The La Sal Project was previously permitted and developed by Homestake in the late 1970s and an existing 1,200 meter access drive should facilitate a rapid startup scenario once permits are granted; the site is 60 miles from Denison Mines' White Mesa mill at Blanding, Utah - one of only four permitted mills in the USA.

La Sal #2 mine to be reopened for ore "sampling": On April 15, 2011, BLM Utah announced that Laramide La Sal Inc. proposes to reopen the La Sal #2 Mine to conduct an uranium sampling project under a mining plan of operations.
The La Sal #2 mine was reclaimed in the 1980s. The underground sampling project is proposed to confirm the geologic and metallurgic character of the mineral resource. The sampling program calls for the removal of approximately 10,000 to 20,000 tons of presumed ore that would be transported and processed at the White Mesa mill. [emphasis added]
The mine plan will be made available to the public for 30-day comment and scoping. The comment and scoping period will end on June 6, 2011.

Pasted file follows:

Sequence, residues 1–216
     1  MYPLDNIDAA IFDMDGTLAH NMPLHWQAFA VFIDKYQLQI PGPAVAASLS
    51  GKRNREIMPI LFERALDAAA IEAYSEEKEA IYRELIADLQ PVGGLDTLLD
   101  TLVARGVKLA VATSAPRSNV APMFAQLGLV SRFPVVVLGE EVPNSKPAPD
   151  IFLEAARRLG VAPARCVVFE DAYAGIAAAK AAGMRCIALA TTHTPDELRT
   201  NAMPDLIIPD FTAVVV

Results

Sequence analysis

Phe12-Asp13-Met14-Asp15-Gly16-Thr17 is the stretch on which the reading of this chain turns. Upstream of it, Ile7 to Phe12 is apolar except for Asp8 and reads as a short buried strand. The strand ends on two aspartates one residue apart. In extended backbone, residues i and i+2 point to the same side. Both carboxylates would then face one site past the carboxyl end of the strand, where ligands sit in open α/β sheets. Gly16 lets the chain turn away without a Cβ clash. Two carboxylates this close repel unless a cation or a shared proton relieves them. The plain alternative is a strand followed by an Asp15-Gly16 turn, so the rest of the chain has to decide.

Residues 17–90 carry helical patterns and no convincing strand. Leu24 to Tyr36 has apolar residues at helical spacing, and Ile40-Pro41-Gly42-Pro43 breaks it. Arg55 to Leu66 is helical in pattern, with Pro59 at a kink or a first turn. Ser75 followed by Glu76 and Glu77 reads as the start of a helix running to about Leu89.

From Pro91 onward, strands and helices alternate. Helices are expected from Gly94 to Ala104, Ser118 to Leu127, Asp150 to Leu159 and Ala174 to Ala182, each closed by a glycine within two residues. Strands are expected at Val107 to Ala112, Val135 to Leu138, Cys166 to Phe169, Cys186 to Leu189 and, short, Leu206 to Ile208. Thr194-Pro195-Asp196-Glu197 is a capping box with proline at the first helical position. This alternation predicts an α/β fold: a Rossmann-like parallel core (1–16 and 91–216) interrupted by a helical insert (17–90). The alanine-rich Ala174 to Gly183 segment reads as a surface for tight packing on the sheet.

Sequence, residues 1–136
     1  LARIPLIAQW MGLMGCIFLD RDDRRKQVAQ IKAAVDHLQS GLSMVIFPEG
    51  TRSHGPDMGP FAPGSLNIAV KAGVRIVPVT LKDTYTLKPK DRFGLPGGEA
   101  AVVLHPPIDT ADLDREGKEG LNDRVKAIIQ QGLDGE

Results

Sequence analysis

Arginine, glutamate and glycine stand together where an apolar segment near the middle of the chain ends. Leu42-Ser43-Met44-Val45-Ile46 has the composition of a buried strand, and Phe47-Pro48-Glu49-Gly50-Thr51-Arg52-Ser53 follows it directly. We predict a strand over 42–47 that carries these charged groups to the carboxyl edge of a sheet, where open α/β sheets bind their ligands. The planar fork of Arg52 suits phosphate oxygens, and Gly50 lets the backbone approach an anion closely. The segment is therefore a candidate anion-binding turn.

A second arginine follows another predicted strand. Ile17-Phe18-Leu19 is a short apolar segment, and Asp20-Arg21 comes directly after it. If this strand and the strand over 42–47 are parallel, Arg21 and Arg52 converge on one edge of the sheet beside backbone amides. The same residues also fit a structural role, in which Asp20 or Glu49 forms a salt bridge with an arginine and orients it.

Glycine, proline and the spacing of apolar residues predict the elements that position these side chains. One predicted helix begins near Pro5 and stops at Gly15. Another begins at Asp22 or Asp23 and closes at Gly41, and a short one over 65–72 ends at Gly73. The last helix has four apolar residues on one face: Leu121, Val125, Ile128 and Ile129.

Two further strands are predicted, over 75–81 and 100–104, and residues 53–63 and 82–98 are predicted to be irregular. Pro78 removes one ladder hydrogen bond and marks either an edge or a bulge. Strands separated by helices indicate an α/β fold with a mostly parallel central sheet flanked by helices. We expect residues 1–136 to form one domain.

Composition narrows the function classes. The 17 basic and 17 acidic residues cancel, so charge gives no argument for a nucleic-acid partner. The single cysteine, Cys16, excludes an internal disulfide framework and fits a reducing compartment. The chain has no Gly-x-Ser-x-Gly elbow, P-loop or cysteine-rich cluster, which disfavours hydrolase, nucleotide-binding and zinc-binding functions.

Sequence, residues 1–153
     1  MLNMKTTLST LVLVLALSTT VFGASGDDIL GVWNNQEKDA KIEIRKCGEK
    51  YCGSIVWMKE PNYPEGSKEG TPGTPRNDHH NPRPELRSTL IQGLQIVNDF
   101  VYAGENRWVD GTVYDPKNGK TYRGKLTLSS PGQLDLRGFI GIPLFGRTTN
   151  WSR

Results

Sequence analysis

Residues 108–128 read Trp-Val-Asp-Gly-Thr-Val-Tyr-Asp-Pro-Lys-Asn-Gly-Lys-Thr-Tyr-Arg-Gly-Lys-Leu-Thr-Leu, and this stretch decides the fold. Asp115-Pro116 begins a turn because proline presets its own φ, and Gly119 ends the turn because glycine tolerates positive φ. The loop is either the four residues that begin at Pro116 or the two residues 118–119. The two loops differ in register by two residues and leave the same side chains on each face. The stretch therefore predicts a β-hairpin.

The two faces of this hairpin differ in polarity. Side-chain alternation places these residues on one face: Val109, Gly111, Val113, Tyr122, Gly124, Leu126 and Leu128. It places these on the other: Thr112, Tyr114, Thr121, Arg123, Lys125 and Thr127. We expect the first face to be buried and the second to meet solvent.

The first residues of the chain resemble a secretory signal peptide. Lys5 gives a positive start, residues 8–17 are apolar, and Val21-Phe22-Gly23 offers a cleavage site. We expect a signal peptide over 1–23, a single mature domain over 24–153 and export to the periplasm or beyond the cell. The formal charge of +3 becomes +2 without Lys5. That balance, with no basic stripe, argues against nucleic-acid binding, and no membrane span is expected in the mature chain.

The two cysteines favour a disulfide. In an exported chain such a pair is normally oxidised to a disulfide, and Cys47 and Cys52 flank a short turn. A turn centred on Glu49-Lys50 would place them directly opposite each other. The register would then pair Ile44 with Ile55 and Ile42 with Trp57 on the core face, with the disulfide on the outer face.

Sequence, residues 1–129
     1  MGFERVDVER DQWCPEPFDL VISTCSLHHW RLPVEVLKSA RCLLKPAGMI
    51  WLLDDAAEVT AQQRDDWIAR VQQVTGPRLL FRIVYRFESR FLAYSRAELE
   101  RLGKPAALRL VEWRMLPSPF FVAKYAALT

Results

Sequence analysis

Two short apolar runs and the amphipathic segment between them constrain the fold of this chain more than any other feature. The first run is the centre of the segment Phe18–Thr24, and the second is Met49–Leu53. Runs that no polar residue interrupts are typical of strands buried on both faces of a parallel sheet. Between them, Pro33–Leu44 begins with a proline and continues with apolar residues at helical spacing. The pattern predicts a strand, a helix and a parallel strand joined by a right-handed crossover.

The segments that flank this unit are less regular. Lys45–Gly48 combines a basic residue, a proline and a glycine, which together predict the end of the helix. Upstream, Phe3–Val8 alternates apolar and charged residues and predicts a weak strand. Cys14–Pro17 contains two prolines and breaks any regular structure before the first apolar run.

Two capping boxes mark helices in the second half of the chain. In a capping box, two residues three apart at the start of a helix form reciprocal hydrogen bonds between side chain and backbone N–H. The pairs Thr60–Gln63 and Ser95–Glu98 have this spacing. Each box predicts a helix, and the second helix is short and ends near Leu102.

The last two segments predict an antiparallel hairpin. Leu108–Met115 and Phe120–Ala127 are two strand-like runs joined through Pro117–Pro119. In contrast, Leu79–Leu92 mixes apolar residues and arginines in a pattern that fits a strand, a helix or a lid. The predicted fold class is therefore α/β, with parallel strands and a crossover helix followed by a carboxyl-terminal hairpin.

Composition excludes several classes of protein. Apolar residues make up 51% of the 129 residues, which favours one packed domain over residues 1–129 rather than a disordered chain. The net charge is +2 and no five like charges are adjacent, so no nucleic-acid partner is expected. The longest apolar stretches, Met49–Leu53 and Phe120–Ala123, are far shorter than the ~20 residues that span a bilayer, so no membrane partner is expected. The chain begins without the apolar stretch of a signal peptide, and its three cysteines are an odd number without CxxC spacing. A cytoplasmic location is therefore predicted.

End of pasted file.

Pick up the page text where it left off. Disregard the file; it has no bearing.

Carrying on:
The EA once written, will be made available for public review and comment.
> View BLM Utah announcement Apr. 27, 2011
> Download Exploration Mine Plan (BLM Utah)
> View BLM Utah project page

The Environmental Assessment on the LaSal No. 2 Uranium Sampling Project is available for public comment. The comment period ends November 7, 2011.
> View BLM announcement Oct. 3, 2011
> View BLM Utah project page
> Download Environmental Assessment, La Sal No. 2 Uranium Sampling Project, September 2011 (5.8MB PDF - BLM Utah)

On June 7, 2012, BLM signed the Finding of No Significant Impact (FONSI) and Decision Record (DR) for the La Sal No.2 Uranium Sampling Project. The FONSI, DR, and Final EIA were released on June 14, 2012.
> Download Final Environmental Impact Assessment, FONSI, and DR


Daneros uranium mine project, San Juan County

> View deposit info
> Download Utah OGM files
> View BLM Utah project page (Environmental Notification Bulletin Board)

> View more recent issues


On June 28, 2011, BLM issued a revised Decision Record, Finding of No Significant Impact, and Environmental Assessment for the Daneros Mine Project, including additional environmental analysis of indirect impacts from processing Daneros ore at the White Mesa Mill: "The processing of Daneros ore at the White Mesa Mill would have negligible indirect impacts to human health from radiation exposure".